Matthew Vaughn. Just when you’re absolutely sure he wouldn’t go there. Yep, he goes there.
“Kingsman: The Secret Service” is adapted from a comic about a select group of undercover British intelligence agents that have been operating for years, invisibly keeping the world safe from harm. It stars Colin Firth, Michael Caine, Samuel Jackson and newcomer Taron Egerton as a kid from the wrong side of the London tracks who may just be the perfect new recruit for this agency. Matthew Vaughn steps in to direct it as a gleeful, over the top, violent send up of all the spy movies that have come before it.
I mean seriously you can just sense him pulling out all the stops and having a good time with this material, and overall I think that fun is contagious and makes the movie work in many ways it maybe shouldn’t. Of course he also has help from a stellar cast, with Firth and Egerton putting in really wonderful and even nuanced performances that really help us lock into the important mentor/student relationship. Not to mention the story itself is interesting and full of movement, and the conceit and backstory of this spy agency is actually pretty cool and clever. But the best thing has to be the way Vaughn nails the tone. The balancing act of making a movie that is in many ways a parody, but also a tribute, and still it’s own genuine story is a magic trick few directors can pull off but I think he nails it here. And the resulting sense of confidence and fun the movie has is probably the main reason the audience is willing to forgive how far over the line of good taste that they decide to push it. And boy do they push it.
Though he uses the R rating to its fullest in other categories as well, it’s primarily the extended scenes of violence that really put the graphic into this graphic novel adaptation. I mean this movie is the Wilt Chamberlain hundred point game of body counts, it’s a record successive bodies per minute rate that may actually never be touched. And I honestly do think that plays to the films detriment, because it becomes a distraction from the things that make the film work. WIth just a little bit of restraint, you might give your audience the chance to really live in this fun and not be taken out by the relentless shock value of it. Shock that can, by the way, turn to boredom the longer it goes on. I get it, it’s fun to let the dog off the leash to run through the field every once in a while, but the risk is that he finds a squirrel to chase and you never see him again. And in my opinion the weakness of this film is a bit too much squirrel chasing and not enough field running.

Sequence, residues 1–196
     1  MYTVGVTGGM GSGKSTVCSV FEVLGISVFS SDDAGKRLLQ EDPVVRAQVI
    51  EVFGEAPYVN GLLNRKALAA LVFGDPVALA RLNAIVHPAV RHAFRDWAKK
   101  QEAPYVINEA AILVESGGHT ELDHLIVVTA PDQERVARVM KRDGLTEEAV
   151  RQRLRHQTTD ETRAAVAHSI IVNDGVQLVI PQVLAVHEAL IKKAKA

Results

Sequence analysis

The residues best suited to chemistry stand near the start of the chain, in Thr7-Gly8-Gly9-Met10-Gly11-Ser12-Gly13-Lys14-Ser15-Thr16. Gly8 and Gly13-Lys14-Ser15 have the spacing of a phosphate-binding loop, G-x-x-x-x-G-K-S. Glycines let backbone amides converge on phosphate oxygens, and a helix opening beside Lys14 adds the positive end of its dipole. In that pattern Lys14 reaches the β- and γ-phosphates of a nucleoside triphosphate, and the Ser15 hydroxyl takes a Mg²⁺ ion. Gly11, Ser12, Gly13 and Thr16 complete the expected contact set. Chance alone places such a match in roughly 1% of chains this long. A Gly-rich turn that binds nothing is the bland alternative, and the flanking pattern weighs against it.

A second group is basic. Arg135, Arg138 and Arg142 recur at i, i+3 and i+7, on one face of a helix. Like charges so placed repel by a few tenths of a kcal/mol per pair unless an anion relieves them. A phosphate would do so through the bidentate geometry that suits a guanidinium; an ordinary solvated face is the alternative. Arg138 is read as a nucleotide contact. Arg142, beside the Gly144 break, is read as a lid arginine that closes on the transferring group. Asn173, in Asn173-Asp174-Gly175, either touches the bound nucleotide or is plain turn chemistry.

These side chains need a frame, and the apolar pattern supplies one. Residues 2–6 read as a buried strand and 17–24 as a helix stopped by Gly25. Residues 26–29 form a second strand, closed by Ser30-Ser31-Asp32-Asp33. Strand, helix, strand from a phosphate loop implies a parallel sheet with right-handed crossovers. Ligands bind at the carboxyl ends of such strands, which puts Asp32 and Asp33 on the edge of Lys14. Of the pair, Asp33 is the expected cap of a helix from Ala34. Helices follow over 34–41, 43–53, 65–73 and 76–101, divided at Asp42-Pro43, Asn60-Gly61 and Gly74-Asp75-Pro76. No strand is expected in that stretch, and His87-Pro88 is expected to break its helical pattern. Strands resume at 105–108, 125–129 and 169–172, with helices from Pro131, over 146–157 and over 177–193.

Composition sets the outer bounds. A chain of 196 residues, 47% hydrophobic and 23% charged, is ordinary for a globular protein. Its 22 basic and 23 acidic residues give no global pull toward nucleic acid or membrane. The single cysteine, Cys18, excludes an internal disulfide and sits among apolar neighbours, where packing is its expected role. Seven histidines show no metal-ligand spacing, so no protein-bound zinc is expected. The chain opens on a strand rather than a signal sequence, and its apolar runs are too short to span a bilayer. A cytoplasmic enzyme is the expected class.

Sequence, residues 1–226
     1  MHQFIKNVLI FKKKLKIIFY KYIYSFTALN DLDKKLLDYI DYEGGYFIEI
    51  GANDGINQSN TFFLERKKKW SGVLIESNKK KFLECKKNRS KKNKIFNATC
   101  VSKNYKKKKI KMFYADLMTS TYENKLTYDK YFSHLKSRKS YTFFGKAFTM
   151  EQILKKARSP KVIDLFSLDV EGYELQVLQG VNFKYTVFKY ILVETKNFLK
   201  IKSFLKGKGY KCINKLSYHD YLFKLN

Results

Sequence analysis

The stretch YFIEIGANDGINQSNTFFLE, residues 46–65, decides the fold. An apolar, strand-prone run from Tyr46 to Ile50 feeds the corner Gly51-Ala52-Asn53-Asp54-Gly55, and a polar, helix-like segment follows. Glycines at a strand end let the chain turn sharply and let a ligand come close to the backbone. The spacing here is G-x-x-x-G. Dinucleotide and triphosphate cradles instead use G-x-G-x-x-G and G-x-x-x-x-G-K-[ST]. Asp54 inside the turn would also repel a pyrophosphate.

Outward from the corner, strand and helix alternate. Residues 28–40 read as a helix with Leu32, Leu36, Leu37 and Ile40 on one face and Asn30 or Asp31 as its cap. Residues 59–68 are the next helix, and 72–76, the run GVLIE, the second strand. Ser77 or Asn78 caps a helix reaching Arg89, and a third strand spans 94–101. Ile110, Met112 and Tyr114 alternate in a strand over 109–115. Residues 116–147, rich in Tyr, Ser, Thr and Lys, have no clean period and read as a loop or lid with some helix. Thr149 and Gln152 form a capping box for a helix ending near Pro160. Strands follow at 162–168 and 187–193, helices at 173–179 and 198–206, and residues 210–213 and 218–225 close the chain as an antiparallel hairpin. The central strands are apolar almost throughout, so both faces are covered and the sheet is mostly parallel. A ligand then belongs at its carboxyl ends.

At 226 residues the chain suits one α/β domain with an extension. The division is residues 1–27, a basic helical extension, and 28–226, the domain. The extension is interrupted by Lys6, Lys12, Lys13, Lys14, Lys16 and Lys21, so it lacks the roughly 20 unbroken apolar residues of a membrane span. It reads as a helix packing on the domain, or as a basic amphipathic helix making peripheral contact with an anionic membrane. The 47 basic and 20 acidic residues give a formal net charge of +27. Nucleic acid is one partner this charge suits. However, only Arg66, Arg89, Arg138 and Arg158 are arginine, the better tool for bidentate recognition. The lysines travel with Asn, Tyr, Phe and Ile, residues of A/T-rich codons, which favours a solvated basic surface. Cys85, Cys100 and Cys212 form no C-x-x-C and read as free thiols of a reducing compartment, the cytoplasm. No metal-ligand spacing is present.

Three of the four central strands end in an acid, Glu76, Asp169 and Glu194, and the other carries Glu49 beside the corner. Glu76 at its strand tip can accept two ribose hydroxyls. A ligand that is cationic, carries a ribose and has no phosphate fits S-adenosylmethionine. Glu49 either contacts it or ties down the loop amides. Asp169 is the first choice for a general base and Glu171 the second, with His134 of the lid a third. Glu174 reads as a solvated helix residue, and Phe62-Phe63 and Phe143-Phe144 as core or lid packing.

Overall, “Kingsman: The Secret Service” is an aggressive, fun, and inventive send up of the spy movie genre. Some great acting and a cleverly subversive universe are only brought down by a lack of knowing when the boundary has been pushed to breaking. I say it completes it’s mission with a B-.